The BGOV Barometer shows that 37 percent of the money Obama raised through July 31 for the pre-convention period came in amounts of $200 or less, according to the Campaign Finance Institute, a Washington-based research group that analyzes donations. For Romney, it was 17 percent.
“It’s a significant commitment of energy to develop the infrastructure you need to run a campaign based on small-donor and volunteer mobilization,” said Michael Malbin, executive director of the Campaign Finance Institute. “The Romney campaign showed little interest in developing that kind of capability.”
The advantage of small-dollar donors is that a campaign can go back to them again and again for money, unlike contributors who have given the maximum $2,500. For Romney, 51 percent of his donors have maxed-out, compared with just 16 percent of Obama’s.
In addition, the small contributors are more likely to be willing to make phone calls, hand out literature or volunteer to do other tasks for their candidate.
That was the secret of Obama’s success in 2008 and key to his re-election campaign.
“The small donors’ significance is not just because of the checks they write but the grassroots support they demonstrate,” said Robert Zimmerman, who has raised between $200,000 and $500,000 for Obama’s re-election campaign. “These Internet donors are also organizing house parties in their communities and going door-to-door in their neighborhoods.”
Romney is attracting more small-dollar donations than he did before being assured of being the party’s standard bearer in November. In July, he brought in $11.8 million in contributions of $200 or less, his best month yet and more than the $6.5 million he received in April and May combined.
Even so, he hasn’t built the small-donor networks that his rivals for the Republican nomination did. Representative Ron Paul of Texas brought in more than one-third of his money in chunks of $200 or less; former House Speaker Newt Gingrich of Georgia and former U.S. Senator Rick Santorum of Pennsylvania got more than 40 percent of their funds that way, and Representative Michele Bachmann of Minnesota raised 59 percent of her funds from small donors.
Both Romney and Obama have used contests to attract small- dollar donors to their campaigns. The Obama campaign raised as much as $9 million by raffling off chances to attend a fundraising dinner in May at the home of actor George Clooney. In the weeks leading up to Romney’s choice of U.S. Representative Paul Ryan as his vice-presidential candidate, his campaign chose one donor of at least $3 each week to meet Romney and his running mate.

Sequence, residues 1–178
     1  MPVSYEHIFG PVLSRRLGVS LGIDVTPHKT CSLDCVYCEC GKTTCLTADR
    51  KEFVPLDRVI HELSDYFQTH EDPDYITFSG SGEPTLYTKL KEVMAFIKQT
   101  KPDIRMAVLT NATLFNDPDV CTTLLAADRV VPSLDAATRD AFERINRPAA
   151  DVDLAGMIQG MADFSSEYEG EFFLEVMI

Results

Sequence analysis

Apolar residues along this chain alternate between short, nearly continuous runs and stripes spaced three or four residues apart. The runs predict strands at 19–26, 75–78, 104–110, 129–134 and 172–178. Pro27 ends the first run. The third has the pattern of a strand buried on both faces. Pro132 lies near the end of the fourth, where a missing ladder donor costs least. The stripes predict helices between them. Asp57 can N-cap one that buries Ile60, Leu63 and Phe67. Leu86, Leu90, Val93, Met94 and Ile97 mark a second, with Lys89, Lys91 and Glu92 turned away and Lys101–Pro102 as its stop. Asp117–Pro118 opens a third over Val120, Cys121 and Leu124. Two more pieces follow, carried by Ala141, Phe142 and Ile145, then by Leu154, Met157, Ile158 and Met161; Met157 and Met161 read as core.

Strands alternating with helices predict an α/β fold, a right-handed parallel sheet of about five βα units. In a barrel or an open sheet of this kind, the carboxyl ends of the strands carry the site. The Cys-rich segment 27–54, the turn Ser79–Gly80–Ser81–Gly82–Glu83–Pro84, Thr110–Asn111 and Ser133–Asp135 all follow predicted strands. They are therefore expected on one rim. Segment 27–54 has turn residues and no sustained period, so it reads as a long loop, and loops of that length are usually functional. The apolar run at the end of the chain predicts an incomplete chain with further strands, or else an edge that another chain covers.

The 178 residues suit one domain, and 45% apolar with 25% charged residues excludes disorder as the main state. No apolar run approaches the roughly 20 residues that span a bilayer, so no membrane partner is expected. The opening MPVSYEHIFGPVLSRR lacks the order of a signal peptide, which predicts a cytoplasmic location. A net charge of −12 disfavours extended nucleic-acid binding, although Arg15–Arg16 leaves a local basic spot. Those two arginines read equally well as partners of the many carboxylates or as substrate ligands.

What Romney relied on during the primaries was the support of an aligned super-political action committee, Restore Our Future, which spent $54 million to help him win the nomination.
Such super-PACs change the fundraising dynamic; no longer is a donor who has given the maximum contribution to a campaign relegated to the sidelines. That donor can write even larger checks to a super-PAC run by a candidate’s former associates.
“Your former staff people can go back to these donors over and over again,” Malbin said. “The rules that were in play when you had contribution limits have changed. You can’t do it directly, but your former staff person can do it.”
The PACs themselves are relying on a handful of major contributors. While 8,601 individuals, organizations and companies have given $334 million to the super-PACs for the 2012 elections, just the top 1 percent accounts for 59 percent of that total, $205 million, according to the Center for Responsive Politics, a Washington-based research group that tracks campaign donations.
The biggest contributors to the super-PACs are Las Vegas Sands Corp. (LVS) chairman Sheldon Adelson and his wife, Miriam, who have donated $40.8 million, all to Republican-leaning groups. Harold Simmons, chairman of Dallas-based Contran Corp., has given $15.7 million and Houston homebuilder Bob Perry has contributed $13.9 million.
“With apologies to Winston Churchill, rarely, if ever, have so few contributed so much, to so few,” said the center’s executive director, Sheila Krumholz. “These wealthy individuals and organizations really are the ‘elite of the elite’ of U.S. political influence.”
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